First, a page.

TABLE 1
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Table 1. The effect of several nutritional factors and dietary patterns on female reproductive health.

Influence of diet on reproductive health in women

Proteins

The Nurses' Health Study II (NHS II) suggested that healthy women who consumed animal-based proteins were at increased risk of ovulatory disorders compared to those who received plant-based proteins (10), which indicates a putative effect of the source of dietary protein on female reproductive health. Diets enriched with proteins derived from plant sources could influence favorably insulin sensitivity and Insulin-like Growth factor (IGF-I) levels as observed in other conditions (8890). Moreover, studies conducted on ruminants showed that a high intake of protein affects ovarian activity through non-Luteinizing hormone (LH) mediated pathways (91), including the ovarian IGF system, which enhances intrafollicular IGF leading to increased follicle-stimulating hormone (FSH) sensitivity (92). Low dietary protein intake in mice resulted in improved fertility rates and controlled the ovarian primordial follicle reserve via Fibroblast Growth Factor 21 (FGF21) pathway (11).

Recently, protein intake and its effect on female reproductive health have received great attention due to its possible association with increased levels of environmental contaminants. Red meat and seafood, which are considered important protein sources, may have elevated levels of different contaminants, such as antibiotics, dioxins, mercury, and organochlorines (4, 93, 94).

Soy is another source of protein which has been under scrutiny due to its potential interference with the mechanisms of reproduction. It is enriched with phytoestrogens, which are potential reproductive disruptors as previously described in animal models (95, 96). There are few human studies evaluating the effects of soy on female reproductive health. However, a cross-sectional study found that women with a high intake of soy isoflavones were 13% less likely to achieve a pregnancy compared to women with a standard intake (12).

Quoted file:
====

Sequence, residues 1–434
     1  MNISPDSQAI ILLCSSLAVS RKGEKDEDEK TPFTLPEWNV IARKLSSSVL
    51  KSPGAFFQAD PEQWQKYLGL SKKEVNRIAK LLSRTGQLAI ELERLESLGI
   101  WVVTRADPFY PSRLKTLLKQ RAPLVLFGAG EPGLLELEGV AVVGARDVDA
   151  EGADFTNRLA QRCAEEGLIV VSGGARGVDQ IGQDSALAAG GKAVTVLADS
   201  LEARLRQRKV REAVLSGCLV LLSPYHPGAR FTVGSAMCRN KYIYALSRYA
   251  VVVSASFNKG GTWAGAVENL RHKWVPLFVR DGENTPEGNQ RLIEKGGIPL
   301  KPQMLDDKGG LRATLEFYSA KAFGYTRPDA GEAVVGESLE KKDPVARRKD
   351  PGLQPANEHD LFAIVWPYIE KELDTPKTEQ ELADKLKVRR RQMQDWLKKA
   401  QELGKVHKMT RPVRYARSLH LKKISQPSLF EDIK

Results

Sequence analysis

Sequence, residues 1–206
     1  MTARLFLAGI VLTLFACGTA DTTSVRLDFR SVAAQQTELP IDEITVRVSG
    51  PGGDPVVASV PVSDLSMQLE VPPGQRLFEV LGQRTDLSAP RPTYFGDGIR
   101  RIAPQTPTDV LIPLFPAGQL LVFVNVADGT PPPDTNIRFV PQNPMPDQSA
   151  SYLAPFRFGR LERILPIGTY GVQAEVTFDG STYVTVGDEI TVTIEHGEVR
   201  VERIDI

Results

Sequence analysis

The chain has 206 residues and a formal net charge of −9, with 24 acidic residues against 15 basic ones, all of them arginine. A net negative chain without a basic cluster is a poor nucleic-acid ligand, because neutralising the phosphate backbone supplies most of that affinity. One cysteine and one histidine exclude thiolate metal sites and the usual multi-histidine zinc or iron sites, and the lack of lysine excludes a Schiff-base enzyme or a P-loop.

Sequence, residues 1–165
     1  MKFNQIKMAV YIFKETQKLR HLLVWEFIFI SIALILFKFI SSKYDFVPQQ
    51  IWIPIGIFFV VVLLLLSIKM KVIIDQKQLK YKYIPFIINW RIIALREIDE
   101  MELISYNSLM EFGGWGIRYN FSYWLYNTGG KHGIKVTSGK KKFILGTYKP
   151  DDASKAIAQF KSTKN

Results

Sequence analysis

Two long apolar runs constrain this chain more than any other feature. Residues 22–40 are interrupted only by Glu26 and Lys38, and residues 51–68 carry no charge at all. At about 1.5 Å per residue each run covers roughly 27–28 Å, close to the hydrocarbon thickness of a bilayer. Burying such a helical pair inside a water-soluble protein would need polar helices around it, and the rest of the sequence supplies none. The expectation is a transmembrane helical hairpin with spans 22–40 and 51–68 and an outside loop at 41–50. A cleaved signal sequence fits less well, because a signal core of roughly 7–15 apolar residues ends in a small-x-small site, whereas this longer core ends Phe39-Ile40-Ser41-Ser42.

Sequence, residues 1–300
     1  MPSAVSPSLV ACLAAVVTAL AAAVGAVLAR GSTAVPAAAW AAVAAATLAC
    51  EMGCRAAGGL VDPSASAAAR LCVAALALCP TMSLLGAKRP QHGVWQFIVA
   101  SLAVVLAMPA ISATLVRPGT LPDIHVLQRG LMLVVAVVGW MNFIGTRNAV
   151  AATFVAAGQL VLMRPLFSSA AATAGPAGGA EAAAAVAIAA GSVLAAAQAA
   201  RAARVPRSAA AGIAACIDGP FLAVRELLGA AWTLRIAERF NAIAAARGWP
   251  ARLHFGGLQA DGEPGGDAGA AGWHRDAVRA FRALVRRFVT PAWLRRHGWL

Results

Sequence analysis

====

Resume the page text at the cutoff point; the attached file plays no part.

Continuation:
Conversely, the reduced intake of animal proteins, such as in the vegan diet, can cause the deficiency of important micronutrients, such as vitamin B12, zinc, calcium, and selenium (97). Particularly, the deficiency in vitamin B12 was observed in a cross-sectional study on Australian women in child-bearing age (18–44 years) that can negatively affect women reproductive health (98).

Overall, the exact influence of protein intake on female reproductive health is yet to be determined due to inherent difficulties in defining the impact on ovulatory function and fertility-related outcomes as well as the great variability of different protein sources (Table 1).

Carbohydrates

There are limited studies evaluating the effect of carbohydrate intake on ovulatory function and fertility rate in healthy women. Although a diet low in carbohydrates has been shown to be associated with low insulin levels and improved pregnancy outcomes in women with polycystic ovarian syndrome (PCOS), this relationship has not been fully explored in healthy women (99).

The glycemic index and load are important indicators of the effect of a carbohydrate diet on blood glucose levels (100). Chavarro et al. found that higher dietary carbohydrates and glycemic load were associated with an increased incidence of infertility in healthy women (13). One may postulate that increased insulin levels resulting in elevated IGF-I and androgen levels (101) could create endocrine conditions similar to those associated with PCOS (102). Alternatively, high carbohydrate intake may occur at the expense of natural fats, which are prerequisite for the maintenance of ovulatory function (13, 103).

Simple sugars have also been associated with adverse effects on the reproductive performance of women, leading to a lower fertility potential. A diet rich in sugars was also associated with a lower likelihood of pregnancy in dairy cows (14). The biological mechanisms underlying these observed associations are yet to be identified. When female rats were fed a diet rich in sugar (sucrose 16%) followed by 1-day starvation, Sadowska et al. observed an increased glutathione peroxidase activity and malondialdehyde concentration and decreased activity of catalase in the uterus as well as decreased glutathione peroxidase and catalase activity and malondialdehyde concentration in the ovaries. The authors suggested changes in the oxidative balance as a plausible cause for fertility problems (104).